European, US Markets Eke Out Gains But Italy Lags


Salon Staff
December 27, 2011 8:00PM (UTC)

PARIS (AP) — Stock markets in Europe and the U.S. eked out modest gains Tuesday in very light holiday trading but Italian shares dipped as the country's key borrowing rate ratcheted up to worrisome levels.

In the run-up to the Christmas holiday, investors have been cheered by a run of upbeat U.S. economic indicators, particularly related to the crucial shopping season — the Dow Jones index closed last Friday at a five-month high.

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However, with the debt crisis in Europe still raging and growth expected to slow in China, investors have plenty to worry about and that's keeping a lid on trading Tuesday.

In Europe, France's CAC-40 rose 0.1 percent to 3,106 while Germany's DAX was up 0.3 percent at 5,898. The FTSE index of Britain's leading shares remained closed.

On Wall Street, the Dow Jones industrial average was up 0.1 percent at 12,200 while the broader S&P 500 index rose by an equivalent rate to 1,266.

One market bucking the trend in Europe was Italy's FTSE MIB, which was trading 1.3 percent lower as the yield on the country's ten-year bonds struck 7 percent once again — a level that is considered unsustainable in the long-run and eventually forced Greece, Ireland and Portugal into seeking outside financial help.

Italy is the eurozone's third-largest economy and is considered to be too big to save under current bailout facilities. Mario Monti, the country's new premier got Parliamentary approval last week for a big austerity package that is intended to save the country from financial disaster. Markets have grown increasingly fearful over the past few months that Italy will find it difficult to pay off its massive debts, which stand at around euro1.9 trillion ($2.5 trillion).

Despite ongoing worries over the spread of Europe's debt crisis to Italy, the euro was trading 0.1 percent higher too at $1.3070. London's closure has a big impact on currency trading.

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However, analysts said the euro could face some choppy waters over the coming couple of days as Italy prepares for a couple of bond auctions on Wednesday and Thursday.

"The euro is little changed as markets look ahead to Italian government debt auctions later this week, which are likely to set the tone for the single currency and the wider foreign exchange market," said Vassili Serebriakov, a currency strategist at Wells Fargo Bank.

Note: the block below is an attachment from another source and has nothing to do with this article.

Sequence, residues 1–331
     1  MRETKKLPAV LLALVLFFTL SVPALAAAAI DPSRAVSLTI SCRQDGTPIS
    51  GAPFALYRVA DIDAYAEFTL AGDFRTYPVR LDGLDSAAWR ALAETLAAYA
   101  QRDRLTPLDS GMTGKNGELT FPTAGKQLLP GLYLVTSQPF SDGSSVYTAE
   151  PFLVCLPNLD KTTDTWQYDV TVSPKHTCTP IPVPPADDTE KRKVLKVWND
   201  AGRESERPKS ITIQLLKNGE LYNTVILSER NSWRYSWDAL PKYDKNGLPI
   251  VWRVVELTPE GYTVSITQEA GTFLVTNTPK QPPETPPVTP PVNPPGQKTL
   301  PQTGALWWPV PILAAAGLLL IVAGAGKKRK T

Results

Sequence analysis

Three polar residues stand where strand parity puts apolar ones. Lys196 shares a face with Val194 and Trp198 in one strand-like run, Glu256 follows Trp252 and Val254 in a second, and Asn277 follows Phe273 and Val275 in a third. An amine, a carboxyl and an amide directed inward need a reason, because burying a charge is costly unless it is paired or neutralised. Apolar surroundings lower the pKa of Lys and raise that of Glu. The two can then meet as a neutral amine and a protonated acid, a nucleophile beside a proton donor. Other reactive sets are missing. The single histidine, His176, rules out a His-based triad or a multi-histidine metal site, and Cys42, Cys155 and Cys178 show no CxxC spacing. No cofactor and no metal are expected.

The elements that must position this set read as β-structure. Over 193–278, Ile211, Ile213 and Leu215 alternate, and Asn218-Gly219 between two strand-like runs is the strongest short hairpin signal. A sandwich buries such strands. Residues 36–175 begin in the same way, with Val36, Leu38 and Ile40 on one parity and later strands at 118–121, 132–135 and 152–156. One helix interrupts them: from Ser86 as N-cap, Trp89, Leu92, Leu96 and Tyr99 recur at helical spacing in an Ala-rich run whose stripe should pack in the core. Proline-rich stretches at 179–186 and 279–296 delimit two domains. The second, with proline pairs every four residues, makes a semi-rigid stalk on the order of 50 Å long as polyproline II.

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Markets took little notice of figures from the European Central Bank showing that Europe's banks parked a record euro411.8 billion ($538.2 billion) overnight at the bank on Monday.

Heavy use of the ECB's deposit facility has been a sign of distrust in interbank lending markets, as banks remain wary of lending to each other and prefer to hold it at low interest rates at the ECB. However, it can also rise and fall for technical reasons as banks adjust their liquidity requirements.

The spike is also said to be connected to last week's massive infusion of liquidity last week, when 523 banks took euro489 billion in central bank loans for as much as three years.

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The narrow ranges across stock markets reflect light holiday trading conditions. Markets in Europe and the U.S. were closed Monday and trading is expected to be light most of this week though there could be some year-end movements, particularly on Friday as investors look to lock in any gains they may have made.

Earlier in the day, Asian shares fell after a disappointing profit performance by Chinese companies and a warning that Japan faces "significant downside risks" due to Europe's debt problems. That warning came from a Finance Ministry representative at a November Bank of Japan meeting, the bank said Tuesday.

Tokyo lost 0.5 percent to 8,440.56 while Seoul's Kospi shed 0.8 percent to 1,842.02. Taipei, Singapore and Jakarta also declined. Hong Kong and Sydney were closed.

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China's benchmark Shanghai index dropped nearly 1.1 percent to 2,166.21 after the country's government reported that profit growth slowed at its major industrial companies. Total profit in the January-November period rose 24.4 percent over a year earlier, down 0.9 percent from the growth rate for the first 10 months of the year.

Oil markets were fairly subdued — benchmark crude for February delivery was up 14 cents at $99.82 a barrel in electronic trading on the New York Mercantile Exchange.

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AP Business Writer Joe McDonald contributed to this report from Beijing.

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Salon Staff

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